The circling instinct is very noticeable in young children and young animals, and in the early stages of life it is no handicap, because it always leas the infant back tot his starting point whenever he becomes disorientated in his first exploration of the world.”
He writes about the S-shape in his book:
“Some reputedly incorrigible horses, that one rider after another has vainly tried to manage will have learnt to twist themselves in a perpetual “S” shape which has enabled them to evade all controls that their riders could think of. Although they willingly turn their head and neck right when the rider pulls on the right rein, in doing so they turn their hindaquarters the other way.”
Dr. Reiner Klimke (1936 – 1999)
Dr. Reiner Klimke was a German equestrian, who won six gold and two bronze medals in dressage at the Summer Olympics — a record for equestrian events. He appeared in six Olympic Games from 1960 to 1988 (excluding 1980).
In his book “Basic training of the young riding horse” Klimke states, like Museler, that there are more right bended horses than left bended.
Philippe Karl (1947)
According to Philippe Karl there are as much left bended horses as right bended. The ratio is 50 – 50.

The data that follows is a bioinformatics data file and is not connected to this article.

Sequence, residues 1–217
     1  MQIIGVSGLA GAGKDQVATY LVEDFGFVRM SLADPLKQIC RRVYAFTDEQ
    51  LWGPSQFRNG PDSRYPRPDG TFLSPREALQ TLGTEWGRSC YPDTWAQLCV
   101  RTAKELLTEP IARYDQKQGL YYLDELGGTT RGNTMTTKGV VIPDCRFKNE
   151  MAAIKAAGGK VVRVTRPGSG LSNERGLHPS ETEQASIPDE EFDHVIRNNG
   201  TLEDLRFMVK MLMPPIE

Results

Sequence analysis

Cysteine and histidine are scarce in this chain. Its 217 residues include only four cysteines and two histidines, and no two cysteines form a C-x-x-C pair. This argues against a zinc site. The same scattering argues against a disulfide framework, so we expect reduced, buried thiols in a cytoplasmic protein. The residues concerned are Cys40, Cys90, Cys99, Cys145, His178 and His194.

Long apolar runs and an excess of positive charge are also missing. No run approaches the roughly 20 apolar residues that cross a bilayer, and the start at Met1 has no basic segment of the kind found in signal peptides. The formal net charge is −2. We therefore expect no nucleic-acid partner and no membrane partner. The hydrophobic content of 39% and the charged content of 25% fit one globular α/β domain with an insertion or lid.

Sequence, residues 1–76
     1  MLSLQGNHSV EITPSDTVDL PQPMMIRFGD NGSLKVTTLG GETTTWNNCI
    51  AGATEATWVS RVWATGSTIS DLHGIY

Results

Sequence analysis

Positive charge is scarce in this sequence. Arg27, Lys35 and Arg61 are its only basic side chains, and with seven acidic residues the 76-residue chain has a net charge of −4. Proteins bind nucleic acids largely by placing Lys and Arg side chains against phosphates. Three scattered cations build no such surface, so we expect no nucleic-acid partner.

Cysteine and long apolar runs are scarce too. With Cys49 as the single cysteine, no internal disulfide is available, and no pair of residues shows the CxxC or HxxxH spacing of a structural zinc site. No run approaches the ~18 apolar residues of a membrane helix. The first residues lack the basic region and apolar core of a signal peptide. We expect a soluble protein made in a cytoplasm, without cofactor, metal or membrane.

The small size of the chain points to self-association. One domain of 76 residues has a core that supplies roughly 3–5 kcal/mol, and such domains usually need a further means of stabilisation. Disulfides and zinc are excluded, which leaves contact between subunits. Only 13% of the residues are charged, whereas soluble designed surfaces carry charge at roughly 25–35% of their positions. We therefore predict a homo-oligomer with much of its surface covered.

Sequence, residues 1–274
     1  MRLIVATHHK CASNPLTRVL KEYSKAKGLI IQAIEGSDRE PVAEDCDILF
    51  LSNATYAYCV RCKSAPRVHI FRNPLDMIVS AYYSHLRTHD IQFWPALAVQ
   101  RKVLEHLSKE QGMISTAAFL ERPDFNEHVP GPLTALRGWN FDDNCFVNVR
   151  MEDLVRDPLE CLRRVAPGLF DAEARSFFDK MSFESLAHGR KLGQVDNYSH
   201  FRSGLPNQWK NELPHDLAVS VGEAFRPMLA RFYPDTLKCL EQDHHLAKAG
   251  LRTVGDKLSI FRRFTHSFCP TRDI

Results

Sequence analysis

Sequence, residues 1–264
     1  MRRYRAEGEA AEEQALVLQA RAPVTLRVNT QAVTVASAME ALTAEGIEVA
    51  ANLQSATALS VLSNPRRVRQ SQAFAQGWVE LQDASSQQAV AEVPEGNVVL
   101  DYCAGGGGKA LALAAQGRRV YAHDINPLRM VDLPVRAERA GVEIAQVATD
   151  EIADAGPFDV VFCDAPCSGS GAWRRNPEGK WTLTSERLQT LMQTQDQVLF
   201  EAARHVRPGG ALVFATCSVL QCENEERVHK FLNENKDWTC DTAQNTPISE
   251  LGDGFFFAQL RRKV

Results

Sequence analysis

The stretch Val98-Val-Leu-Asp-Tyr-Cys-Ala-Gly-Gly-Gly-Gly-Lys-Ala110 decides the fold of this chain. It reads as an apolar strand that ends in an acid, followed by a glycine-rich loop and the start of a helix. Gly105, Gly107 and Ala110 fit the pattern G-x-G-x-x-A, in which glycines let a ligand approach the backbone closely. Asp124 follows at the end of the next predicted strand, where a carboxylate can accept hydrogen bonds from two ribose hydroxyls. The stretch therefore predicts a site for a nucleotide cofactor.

”Every horse is crooked from birth because of the location of the foal in the womb. One side is therefore longer than the other” he states.
Gabriele & Klaus Schöneich – ARR
Gabriele & Klaus Schöneich from the Center for Anatomically Correct Horsemanship put the ratio on 70 – 30:
“Let us start assuming that 70 percent of all people are right-handed, and 30 percent are left-handed. In horses, the percentage is almost identical (a right-handed horse is left-bended in his body). You must also understand that in man, the degree of right- or left-handedness varies with the individual, that is, it is more or less pronounced. The same applies to the horse, though man’s influence over this natural crookedness may increase of may develop into acquired crookedness.”
Throughout the centuries, riding masters and riders have been dealing with the phenomenon of natural asymmetry and many also wrote about it. It is striking to realize that, besides many similar ideas and convictions, there are some very different perspectives, ideas and belief that affected the training of horses. Some trainers claim that there are more left-bended horses, others claim there are more right-bended horses.
Therefore, it is important that every trainer examine each horse as an individual and is able to think outside the box.
Every horse should receive tailor made training to be able to develop symmetrically:
* The horse’s body needs to be able to bend equally to the left and to the right.
Knowing the true cause of natural asymmetry does not really matter, but it is important to realize that lateral asymmetry is a fact that we cannot ignore and we will need to work with it.
The rider must be able to recognize the symptoms and acknowledge that his/her horse is not equal to both sides.
Straightness training is a valuable solution.